- Place the seeds in a paper bag to continue drying and label it with the date collected and type of seeds.
Don’t forget to wash your hands before taking off your glasses, and you’re done! Time to start preparing for the next season!
IBBA Tropical Milk Weed Seed
Before Planting Your Seeds
Unless your seeds are tropical milkweed (Asclepias curassavica) place them between layers of damp paper towels in plastic bags or closed containers in the refrigerator for 30 days before planting.
This simulates the cold and moisture that they would experience in nature to help break down the outer layer of the seed casings to allow germination. This process is called cold stratification. Many species of milkweed require cold stratification, but tropical milkweed seeds do not.
IBBA Monarch on Plant
Thanks to Darlene Loo-McDowell of Sharing the Butterfly Experience and Connie Hodsdon of Flutterby Gardens for providing information used in this post!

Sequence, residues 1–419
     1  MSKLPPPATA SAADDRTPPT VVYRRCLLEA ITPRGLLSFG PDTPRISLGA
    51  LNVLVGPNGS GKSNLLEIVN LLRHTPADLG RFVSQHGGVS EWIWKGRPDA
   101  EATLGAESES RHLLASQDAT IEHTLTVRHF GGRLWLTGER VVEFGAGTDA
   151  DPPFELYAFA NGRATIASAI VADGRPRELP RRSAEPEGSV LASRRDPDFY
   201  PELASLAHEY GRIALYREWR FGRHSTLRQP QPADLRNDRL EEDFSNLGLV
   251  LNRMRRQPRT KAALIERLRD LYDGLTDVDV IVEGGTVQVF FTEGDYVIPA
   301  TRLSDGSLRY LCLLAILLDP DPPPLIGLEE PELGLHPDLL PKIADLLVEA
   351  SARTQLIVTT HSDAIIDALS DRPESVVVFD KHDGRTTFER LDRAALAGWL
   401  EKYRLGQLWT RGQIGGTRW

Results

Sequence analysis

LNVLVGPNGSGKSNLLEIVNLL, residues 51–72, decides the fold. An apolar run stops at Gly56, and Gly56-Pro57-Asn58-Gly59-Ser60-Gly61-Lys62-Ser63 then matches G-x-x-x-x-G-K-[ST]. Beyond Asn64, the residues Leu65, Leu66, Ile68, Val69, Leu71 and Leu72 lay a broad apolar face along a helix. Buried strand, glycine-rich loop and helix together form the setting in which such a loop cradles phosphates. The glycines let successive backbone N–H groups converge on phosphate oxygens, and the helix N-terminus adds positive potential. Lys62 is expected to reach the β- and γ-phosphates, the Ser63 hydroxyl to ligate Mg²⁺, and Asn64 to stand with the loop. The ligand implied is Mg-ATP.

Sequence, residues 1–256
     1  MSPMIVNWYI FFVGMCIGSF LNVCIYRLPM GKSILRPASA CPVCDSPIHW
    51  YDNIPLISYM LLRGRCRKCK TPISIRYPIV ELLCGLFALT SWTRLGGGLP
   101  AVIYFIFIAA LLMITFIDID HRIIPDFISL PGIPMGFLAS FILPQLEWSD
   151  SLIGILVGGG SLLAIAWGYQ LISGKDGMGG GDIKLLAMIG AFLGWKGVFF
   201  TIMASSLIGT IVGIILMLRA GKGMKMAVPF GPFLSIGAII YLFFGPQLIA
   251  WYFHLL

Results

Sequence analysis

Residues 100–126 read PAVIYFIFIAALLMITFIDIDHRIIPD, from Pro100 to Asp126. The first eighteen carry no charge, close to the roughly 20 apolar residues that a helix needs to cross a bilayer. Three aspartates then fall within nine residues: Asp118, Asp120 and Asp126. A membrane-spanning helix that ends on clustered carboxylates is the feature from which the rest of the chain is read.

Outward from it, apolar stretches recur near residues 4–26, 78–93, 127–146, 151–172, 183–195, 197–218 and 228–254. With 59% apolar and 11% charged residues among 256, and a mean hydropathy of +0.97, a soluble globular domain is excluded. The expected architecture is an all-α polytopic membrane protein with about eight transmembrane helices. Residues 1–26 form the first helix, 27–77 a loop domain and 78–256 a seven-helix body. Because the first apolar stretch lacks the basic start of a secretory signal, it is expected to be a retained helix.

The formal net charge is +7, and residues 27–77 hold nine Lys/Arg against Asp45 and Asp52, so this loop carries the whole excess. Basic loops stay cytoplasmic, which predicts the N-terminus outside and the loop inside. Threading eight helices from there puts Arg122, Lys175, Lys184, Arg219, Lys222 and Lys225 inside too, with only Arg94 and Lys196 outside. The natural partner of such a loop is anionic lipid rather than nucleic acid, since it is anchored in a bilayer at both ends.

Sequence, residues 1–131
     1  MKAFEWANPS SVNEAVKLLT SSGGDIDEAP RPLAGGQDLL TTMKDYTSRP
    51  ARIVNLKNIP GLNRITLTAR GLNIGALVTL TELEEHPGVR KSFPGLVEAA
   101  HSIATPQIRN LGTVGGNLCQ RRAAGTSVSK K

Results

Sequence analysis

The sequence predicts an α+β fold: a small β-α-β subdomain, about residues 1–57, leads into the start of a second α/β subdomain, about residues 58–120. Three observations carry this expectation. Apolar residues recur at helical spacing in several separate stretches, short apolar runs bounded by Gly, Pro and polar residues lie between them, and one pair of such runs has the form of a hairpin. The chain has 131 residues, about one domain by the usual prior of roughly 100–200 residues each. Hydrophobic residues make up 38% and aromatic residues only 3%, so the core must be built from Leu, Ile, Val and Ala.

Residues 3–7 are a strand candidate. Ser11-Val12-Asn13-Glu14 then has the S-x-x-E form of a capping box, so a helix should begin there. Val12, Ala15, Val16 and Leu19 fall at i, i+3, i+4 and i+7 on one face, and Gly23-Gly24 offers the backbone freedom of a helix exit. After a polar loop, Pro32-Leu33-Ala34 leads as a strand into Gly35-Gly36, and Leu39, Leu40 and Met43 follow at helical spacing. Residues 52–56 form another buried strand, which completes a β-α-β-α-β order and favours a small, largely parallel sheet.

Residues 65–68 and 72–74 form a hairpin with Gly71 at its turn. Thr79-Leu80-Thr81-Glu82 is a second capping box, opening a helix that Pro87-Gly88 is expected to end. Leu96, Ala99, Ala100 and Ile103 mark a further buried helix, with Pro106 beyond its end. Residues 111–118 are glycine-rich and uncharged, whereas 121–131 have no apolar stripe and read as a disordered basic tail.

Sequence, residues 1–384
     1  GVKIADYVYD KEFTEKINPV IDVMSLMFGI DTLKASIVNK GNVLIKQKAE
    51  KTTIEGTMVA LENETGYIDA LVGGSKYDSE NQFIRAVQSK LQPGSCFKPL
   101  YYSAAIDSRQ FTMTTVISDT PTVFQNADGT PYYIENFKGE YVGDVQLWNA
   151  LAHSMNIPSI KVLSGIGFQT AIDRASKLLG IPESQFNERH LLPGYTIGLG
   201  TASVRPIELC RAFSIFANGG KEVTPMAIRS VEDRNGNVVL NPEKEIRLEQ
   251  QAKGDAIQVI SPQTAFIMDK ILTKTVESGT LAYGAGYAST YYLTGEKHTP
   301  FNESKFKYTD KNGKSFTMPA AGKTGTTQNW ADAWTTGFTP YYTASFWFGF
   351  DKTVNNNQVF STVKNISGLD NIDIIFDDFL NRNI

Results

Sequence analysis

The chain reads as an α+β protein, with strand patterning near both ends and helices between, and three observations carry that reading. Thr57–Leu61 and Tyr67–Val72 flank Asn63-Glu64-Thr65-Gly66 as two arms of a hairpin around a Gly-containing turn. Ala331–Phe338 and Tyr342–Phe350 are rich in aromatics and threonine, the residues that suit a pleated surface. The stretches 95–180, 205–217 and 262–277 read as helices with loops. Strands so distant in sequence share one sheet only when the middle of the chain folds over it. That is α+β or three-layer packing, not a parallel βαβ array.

Milkweed Sap Warning
*Milkweed sap is an eye and skin irritant. Many people get sap on their hands and then rub their eyes. Milkweed sap in the eyes is a medical emergency, and who has time for a trip to the emergency room? Tip: If you don’t want to wear gloves, at least wear safety glasses. It would be difficult to rub your eyes with glasses in the way, so the safety glasses being on your face will be a reminder that you still need to wash your hands.
Wow! Very informative and neatly presented. I have not seen another article like this anywhere. I didn’t know about the cold stratification for natives or the sap issue. Maybe that explains why some of my seeds did not sprout. Thanks
Thanks, Russ! Now I’m experimenting with propagation from cuttings. There is so much to learn! What type of seeds were you trying to sprout?
How to Plant Butterfly Weed Seeds
Sometimes called pleurisy root, butterfly weed (Asclepias tuberosa) is a perennial wildflower grown for its showy, reddish-orange flower clusters and textured, lanceolate leaves. A member of the milkweed family, it thrives throughout U.S. Department of Agriculture plant hardiness zones 3 to 9, where it is frequently added to butterfly gardens and native plant landscaping.